To achieve Continuous Deployment, the team relies on infrastructure that automates and instruments the various steps leading up to deployment, so that when each code integration successfully meets the release criteria, the live application is updated with new code.

In practice, the big difference in these approaches is the automation of acceptance tests instead of expecting manual acceptance with human intervention. In order for Continuous Deployment to be effective, the percentage of test coverage needs to be very close to 100%. As soon as a release passes all tests it is then automatically deployed into a Production instance.

It is considered a good practice to perform acceptance testing in a sandbox or development instance, where all most up to date content and catalog information is present, before releasing a new version into a Production environment.

Choosing the Appropriate Development Methodology

In order to achieve a continuous integration and delivery process, different development methodologies must be used. The methodology you want to use determines whether you adopt CI or CD.

The act of continuously integrating software, testing and deploying it, is a natural fit to the concept of iterative development. If your organization implements a waterfall model for project delivery, with a separate build and testing phase, Continuous Delivery is not appropriate. Continuous Integration can still be used, although it is not required. Iterative development, through agile methods like Extreme Programming, actually demand some form of Continuous Integration and Continuous Delivery due to the short cycle nature of the development and integrated testing phases that usually happen on a daily basis.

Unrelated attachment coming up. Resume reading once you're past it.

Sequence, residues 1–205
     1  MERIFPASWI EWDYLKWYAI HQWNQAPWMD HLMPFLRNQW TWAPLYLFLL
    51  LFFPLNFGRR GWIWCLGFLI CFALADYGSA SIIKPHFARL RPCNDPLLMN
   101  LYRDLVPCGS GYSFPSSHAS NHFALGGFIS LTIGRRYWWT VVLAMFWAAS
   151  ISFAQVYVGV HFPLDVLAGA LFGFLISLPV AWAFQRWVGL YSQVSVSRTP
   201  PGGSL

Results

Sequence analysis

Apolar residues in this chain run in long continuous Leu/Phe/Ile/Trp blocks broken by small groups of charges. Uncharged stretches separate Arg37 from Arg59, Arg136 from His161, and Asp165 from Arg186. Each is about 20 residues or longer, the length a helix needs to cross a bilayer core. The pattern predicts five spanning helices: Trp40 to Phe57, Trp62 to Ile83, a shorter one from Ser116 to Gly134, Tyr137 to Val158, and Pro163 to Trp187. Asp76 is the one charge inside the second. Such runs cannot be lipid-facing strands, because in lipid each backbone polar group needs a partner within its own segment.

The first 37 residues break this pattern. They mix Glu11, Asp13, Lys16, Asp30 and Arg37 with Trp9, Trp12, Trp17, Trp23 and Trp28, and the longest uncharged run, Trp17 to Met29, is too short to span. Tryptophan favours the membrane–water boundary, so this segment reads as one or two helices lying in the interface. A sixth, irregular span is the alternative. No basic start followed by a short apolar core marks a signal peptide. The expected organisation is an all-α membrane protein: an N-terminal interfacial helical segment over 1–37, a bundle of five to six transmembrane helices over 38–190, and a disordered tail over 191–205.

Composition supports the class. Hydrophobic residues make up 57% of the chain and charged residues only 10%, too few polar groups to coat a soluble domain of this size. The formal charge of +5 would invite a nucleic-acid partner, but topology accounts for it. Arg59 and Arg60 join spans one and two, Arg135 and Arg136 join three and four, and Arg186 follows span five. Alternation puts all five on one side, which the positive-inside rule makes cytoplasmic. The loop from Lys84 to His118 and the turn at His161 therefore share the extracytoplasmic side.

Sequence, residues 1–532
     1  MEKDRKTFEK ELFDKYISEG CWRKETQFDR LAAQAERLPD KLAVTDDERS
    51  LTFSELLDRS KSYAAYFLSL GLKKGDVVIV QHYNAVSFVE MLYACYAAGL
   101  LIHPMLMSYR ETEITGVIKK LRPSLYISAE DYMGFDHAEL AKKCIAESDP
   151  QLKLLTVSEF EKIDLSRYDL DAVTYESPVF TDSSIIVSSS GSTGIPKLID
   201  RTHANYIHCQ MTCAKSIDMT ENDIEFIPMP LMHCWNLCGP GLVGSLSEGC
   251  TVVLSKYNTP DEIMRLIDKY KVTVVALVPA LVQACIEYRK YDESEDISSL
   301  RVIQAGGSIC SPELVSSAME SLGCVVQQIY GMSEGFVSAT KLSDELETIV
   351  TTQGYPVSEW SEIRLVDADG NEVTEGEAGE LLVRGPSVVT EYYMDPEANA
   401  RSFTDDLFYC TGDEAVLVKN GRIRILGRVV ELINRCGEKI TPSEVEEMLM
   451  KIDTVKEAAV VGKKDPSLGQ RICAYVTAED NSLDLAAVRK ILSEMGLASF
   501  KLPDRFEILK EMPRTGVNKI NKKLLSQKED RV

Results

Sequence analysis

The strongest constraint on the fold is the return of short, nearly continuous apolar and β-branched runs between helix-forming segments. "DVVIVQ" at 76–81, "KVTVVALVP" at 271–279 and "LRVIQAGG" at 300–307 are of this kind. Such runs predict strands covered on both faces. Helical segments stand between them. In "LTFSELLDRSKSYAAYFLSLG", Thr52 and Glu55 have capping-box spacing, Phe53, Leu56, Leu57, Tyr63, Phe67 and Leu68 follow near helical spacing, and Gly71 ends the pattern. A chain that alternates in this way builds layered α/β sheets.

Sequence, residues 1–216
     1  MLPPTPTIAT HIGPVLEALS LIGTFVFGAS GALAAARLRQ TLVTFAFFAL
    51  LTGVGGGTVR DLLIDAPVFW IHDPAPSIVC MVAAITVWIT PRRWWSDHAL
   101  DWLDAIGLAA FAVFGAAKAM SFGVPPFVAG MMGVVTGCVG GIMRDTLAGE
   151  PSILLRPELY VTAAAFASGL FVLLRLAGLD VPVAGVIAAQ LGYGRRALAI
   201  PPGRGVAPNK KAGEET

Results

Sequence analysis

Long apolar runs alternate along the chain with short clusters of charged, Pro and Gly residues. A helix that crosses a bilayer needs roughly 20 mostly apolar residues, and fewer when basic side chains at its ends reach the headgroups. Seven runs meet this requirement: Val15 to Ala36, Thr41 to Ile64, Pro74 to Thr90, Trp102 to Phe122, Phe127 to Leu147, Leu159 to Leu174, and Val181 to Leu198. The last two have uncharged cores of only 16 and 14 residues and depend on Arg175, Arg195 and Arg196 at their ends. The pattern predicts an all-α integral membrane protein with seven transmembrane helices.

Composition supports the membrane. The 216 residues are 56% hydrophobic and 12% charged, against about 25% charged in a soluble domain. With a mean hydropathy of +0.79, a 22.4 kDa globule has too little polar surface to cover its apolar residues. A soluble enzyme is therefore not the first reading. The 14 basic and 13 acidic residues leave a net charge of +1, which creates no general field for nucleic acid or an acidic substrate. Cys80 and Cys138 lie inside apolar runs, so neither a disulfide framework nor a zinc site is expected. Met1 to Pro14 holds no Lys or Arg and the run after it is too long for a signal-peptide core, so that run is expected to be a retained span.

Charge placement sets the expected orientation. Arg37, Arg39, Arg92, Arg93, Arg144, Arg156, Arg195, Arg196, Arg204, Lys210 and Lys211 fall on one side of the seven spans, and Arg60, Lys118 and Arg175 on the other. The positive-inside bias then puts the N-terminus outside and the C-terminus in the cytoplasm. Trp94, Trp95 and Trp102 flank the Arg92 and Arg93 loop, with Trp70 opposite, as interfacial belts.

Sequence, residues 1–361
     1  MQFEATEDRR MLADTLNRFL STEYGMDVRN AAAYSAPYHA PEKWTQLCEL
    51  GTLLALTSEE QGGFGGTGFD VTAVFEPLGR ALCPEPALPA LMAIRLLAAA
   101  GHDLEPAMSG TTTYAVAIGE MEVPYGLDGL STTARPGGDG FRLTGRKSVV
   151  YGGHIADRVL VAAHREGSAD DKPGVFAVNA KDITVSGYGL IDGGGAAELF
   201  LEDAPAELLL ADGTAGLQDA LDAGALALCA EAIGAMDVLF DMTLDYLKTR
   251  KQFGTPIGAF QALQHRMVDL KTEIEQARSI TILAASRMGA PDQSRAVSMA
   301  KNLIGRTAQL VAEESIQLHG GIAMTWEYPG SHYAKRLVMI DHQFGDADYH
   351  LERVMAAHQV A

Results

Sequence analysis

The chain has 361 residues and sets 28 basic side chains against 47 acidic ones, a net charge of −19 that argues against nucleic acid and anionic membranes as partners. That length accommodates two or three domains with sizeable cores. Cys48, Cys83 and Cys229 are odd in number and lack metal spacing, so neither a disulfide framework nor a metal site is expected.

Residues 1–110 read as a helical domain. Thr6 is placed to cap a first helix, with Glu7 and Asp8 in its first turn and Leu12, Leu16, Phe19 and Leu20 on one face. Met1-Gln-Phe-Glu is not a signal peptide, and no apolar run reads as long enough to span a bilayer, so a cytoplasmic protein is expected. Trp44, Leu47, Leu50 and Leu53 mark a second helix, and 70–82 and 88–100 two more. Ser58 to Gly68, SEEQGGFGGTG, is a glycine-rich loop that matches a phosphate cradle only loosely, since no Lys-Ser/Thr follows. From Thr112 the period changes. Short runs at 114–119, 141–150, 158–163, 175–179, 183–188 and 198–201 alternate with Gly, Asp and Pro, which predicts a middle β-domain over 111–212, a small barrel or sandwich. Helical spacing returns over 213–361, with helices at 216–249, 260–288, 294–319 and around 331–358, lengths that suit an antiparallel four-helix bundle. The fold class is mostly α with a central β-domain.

What Should I Use?

Development Methodology Development Practice
Waterfall Continuous Integration
Agile Continuous Delivery

Continuous Integration in Salesforce B2C Commerce